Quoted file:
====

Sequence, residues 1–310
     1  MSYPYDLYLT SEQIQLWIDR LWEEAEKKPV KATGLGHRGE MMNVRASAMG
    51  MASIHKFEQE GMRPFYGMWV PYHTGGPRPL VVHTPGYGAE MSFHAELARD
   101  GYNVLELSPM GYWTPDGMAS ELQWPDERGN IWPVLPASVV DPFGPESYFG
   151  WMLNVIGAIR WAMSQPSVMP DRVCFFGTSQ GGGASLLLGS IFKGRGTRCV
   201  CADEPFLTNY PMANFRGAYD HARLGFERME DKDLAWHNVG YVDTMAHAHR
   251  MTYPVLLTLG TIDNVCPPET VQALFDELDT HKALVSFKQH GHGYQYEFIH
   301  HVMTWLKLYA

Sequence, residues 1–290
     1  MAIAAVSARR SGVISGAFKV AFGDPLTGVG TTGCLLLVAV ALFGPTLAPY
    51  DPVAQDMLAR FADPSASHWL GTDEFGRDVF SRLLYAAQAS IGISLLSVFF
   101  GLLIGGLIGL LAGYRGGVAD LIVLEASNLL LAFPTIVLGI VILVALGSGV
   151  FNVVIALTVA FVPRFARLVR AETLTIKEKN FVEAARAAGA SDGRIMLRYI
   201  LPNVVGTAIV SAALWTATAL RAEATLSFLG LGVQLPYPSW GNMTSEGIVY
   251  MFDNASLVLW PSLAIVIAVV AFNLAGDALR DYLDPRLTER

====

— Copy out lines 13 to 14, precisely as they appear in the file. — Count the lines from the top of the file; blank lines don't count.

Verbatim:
   151  FNVVIALTVA FVPRFARLVR AETLTIKEKN FVEAARAAGA SDGRIMLRYI
   201  LPNVVGTAIV SAALWTATAL RAEATLSFLG LGVQLPYPSW GNMTSEGIVY